Beatriz Sanchís • Director
by Alfonso Rivera
- Beatriz Sanchís is the only woman in competition in the official selection of the Malaga Festival, with her debut Todos están muertos – a modern tale, magic and psychological
Recently returned from Mexico, where she finished editing and audio mixing for her film in competition at the Malaga Festival, Beatriz Sanchís, 37, has already overcome the difficult challenge of presenting her film, Todos están muertos [+see also:
interview: Beatriz Sanchís
film profile], in front of a divided press corps.
Cineuropa: Are you used to festivals, having gone to Berlin previously with your short?
Beatriz Sanchís: I am relaxed, but nervous about the reactions my film might provoke, because I reveal myself a great deal. I worked on this for a long time and, obviously, I find the ways people react important.
Avalon has always supported you…
Yes, we have a life together, starting with short La clase. It is a very interesting production and distribution house: we believe in the vision of the other. With them, I have all the creative freedom in the world: I am lucky. The budget was of €1.6 million. In Germany, we worked on image post-production.
Why did you decide to use such a risky format to tell this story?
I really like tales: they have many meanings, whether psychoanalytical, of the unconscious or social. Because of this, the vision Mexicans have of death was useful for me in order to tell the story of this conflict.
But how do you obtain this kind of storytelling tone?
For me, it is easier than any other type of cinema: it is my natural habitat. I am at home in this kind of universe. I feel a little like a child: in a kind of innocence, a bit like someone stopping to look at the sun shining through a window… I am that kind of woman. I identify with childhood and its purity. I am like that, and I share my point of view with others.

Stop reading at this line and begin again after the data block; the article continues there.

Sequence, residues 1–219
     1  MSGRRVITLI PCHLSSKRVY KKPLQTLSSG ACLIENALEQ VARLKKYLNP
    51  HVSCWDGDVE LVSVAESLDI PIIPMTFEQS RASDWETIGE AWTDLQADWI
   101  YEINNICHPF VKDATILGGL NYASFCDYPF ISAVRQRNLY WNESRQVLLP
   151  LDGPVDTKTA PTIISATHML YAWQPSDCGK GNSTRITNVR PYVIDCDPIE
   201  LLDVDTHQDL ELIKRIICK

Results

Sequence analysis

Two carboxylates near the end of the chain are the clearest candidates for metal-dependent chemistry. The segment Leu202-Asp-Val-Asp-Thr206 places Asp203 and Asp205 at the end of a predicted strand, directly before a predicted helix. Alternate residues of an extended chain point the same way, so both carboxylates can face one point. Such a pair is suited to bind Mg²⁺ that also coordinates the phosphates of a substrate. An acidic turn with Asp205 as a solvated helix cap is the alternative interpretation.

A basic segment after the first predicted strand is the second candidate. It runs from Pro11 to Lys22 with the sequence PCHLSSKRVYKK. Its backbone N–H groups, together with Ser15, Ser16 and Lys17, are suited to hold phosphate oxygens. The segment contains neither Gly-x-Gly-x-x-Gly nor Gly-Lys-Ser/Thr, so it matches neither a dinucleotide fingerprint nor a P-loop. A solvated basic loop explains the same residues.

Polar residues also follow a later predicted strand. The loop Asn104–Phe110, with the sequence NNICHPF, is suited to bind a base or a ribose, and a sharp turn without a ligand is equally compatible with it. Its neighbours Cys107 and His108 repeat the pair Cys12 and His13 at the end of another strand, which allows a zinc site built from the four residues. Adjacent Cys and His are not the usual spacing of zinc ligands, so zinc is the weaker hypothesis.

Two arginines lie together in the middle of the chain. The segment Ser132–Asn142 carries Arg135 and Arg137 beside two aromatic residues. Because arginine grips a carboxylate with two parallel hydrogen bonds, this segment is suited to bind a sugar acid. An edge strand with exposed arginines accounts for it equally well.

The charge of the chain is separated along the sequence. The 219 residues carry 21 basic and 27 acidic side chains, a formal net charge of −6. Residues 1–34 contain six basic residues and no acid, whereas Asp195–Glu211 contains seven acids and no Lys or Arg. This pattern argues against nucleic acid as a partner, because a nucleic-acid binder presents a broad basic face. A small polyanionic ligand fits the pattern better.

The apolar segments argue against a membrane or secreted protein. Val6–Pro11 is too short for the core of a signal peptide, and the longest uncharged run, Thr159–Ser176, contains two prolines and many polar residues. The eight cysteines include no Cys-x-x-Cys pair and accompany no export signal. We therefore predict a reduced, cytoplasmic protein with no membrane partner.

How was the film born?
Something similar happened to me than happened to Lupe, the character played by Elena Anaya: when I was very young, my best friend died, and that marked me, because I was not able to say goodbye. The screenplay was born from imagining what it would be like to be able to do so. When I write, I feed from my own experiences.
Music takes up a great deal of space in the film.
I am a total music fan, all genres and time periods. That comes from my character, my interests and curiosity. Music is my passion: my big regret is not having been a part of a band.
You avoided special effects; instead, you use symbolism…
Yes, because I am not interested in them. I like what is handmade. I think magic can exist without using special effects. It is unusual, but I work like this. I like Michel Gondry: he works in a more ingenious way. The team is made up of friends and you can tell in the film. The most painful thing was filming everything so fast, in just five weeks.
In your film, women are almost every aspect of the boy’s life.
Lupe as a character finds himself at an impasse in his life and his grandmother needs to take care of her daughter and grandson. I talk about dreams like traumas, which stop people from being able to move forward: when you confront them, they disappear. I also speak about the monster of fear, which keeps Lupe trapped at home.
(Translated from Spanish)